How many times have we heard Obama mention “national security” as his reason for seeking involvement in the Syrian matter? Same schpeel, different president.

    Change? Really? I guess it depends on how you define change.


  19. I wonder if HRW was around during the Viet Nam war, if they would have stated, Viet Nam executions – USA government forces – ? Using the word executions is a very inflammatory choice of words by the news media meant to bring about visuals that will affect public sentiment here in the USA.

    These people are in a civil war. It’s ugly. It’s either shoot or be shot. And in some cases, get beheaded. There’s lots of bad guys on both sides of the battle. The rebels are no more angels than the Syrian soldiers. Even John Kerry has admitted that the rebels have been infiltrated by Al Qaida and Hamas sympathizers if not actual members. We are providing weapons to the rebels who in other times would have been the very warriors we would be taking up arms against. Just like the Muja Hadin was back in the 80s that Osama Bin Laden was affiliated with and was an ally of the USA at that time when Russia invaded Afghanistan. We saw how that turned out for all involved and how the roles have changed.

    Like I’ve said earlier, if these people and the others in the Middle East weren’t sitting on some very energy rich landscapes and or land that was good access points for the transportation of those energy products ( did I also mention a threat to Israel’s survival), our nations leaders and the corporations they shill for wouldn’t give a damn.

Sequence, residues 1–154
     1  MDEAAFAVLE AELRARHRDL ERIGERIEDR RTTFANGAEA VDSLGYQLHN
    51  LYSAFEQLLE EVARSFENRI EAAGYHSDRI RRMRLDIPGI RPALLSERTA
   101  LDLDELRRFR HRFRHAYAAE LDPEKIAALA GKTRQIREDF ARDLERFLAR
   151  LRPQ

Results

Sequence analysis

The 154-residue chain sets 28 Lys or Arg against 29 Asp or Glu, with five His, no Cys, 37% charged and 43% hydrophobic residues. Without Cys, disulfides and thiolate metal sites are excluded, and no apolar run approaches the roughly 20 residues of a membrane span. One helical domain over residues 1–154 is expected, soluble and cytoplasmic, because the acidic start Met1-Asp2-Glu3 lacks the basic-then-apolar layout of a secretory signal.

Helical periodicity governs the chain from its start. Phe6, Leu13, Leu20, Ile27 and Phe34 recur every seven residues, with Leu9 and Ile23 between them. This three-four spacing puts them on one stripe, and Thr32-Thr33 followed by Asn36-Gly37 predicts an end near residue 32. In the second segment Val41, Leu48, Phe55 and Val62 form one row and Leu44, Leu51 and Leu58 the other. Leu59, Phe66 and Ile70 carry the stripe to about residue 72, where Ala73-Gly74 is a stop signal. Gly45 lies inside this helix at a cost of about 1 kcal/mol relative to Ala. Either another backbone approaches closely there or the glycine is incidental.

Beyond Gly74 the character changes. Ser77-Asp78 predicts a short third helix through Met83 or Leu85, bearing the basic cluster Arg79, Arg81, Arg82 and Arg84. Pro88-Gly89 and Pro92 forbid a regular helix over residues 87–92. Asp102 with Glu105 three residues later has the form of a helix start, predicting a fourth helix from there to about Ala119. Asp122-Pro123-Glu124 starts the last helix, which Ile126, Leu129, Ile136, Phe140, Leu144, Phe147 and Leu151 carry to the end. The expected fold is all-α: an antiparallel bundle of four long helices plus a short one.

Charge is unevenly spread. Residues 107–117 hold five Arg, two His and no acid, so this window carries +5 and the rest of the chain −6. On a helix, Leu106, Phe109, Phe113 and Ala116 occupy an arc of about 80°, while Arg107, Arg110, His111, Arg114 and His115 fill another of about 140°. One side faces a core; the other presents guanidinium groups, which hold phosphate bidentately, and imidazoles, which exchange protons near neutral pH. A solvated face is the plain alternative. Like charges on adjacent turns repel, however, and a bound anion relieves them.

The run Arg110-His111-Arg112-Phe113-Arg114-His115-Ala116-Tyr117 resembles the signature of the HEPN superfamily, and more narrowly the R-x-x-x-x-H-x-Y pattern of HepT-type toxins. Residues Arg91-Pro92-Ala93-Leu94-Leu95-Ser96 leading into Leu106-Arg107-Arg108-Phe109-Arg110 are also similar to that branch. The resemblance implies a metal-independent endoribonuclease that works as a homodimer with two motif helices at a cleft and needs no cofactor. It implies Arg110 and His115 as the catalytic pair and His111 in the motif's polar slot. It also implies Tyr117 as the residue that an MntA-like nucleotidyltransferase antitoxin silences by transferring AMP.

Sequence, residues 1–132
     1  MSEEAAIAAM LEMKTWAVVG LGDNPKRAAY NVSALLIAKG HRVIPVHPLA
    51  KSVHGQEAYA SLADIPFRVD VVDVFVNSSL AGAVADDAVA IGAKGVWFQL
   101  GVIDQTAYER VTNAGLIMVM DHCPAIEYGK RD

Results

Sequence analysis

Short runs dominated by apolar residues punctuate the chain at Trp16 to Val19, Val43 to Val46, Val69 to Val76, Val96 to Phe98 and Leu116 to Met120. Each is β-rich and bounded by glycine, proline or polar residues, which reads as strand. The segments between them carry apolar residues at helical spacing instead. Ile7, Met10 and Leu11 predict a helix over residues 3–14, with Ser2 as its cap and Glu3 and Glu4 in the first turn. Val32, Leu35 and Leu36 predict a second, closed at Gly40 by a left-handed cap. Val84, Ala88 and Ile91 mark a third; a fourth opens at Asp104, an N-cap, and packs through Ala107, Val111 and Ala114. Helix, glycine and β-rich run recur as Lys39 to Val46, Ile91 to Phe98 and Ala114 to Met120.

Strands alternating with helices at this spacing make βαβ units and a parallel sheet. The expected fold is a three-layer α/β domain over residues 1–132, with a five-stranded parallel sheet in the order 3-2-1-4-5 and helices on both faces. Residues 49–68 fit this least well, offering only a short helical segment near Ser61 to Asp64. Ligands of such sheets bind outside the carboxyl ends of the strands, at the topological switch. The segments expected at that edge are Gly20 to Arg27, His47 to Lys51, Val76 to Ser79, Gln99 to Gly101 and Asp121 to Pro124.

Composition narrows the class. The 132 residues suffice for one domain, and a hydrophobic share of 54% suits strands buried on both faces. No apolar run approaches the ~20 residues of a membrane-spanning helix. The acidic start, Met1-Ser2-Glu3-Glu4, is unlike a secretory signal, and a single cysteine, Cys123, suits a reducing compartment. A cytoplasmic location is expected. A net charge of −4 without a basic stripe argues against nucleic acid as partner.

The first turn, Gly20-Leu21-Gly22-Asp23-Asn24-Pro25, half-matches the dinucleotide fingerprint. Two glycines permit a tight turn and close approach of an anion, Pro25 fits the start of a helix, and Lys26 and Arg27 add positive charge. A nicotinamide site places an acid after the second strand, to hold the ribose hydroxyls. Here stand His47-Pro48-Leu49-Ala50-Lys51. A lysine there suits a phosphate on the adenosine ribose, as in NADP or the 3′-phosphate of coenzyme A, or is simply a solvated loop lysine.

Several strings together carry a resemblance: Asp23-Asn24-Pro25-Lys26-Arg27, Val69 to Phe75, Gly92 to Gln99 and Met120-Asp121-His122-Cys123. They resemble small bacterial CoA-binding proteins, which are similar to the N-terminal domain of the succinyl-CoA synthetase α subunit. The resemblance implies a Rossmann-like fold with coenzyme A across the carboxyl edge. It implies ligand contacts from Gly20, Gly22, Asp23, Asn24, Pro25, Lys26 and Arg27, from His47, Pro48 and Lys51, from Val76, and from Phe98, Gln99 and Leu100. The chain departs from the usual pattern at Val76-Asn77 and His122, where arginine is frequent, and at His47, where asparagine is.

Doesn’t anybody find it odd that there’s so much civilian destabilization going on within the Middle East communities? If you’ve looked at recent historical comparisons, the same thing happened in many South American countries in the 80s. Much of it was attributed to the CIA covert activities that does such things to bring about change (no conspiracy there, it’s all out there for you read about and been the subject of many a conversation on the TV). Change that favors the trans-national corporations. Doesn’t it even just a little bit, make you wonder how this kind of destabilization could be so prevalent and hitting so many of the Middle East countries? And who and what organizations might be behind it as part of a bigger agenda (hint – PNAC)?


  20. Why doesn’t Christine call on the Arab League and Saudi Arabia to step in. Why is it always American troops that must be called to action? Isn’t there a moral imperative in Saudi Arabia and other supposed ME allies to be called on too, Christine?


  21. I guess I get to hog the blog today.

    Sometimes I think Obama and his policy team are listening to me. I hope that doesn’t get me labeled like that mentally ill woman they just shot in our nations capital. Because I mean in a different way.

    I’ve been critical of the Neocons, of which I believe Obama is one, because they seem so concentrated on the Middle East and the liberation of those people over the liberation and protection of the people in the African states that suffer from the ongoing brutal slaughter, often times from the very same terrorist affiliated groups as the ME is experiencing. But in the past, the USA has sought very little intervention.

    Apparently, that changed with this breaking news story.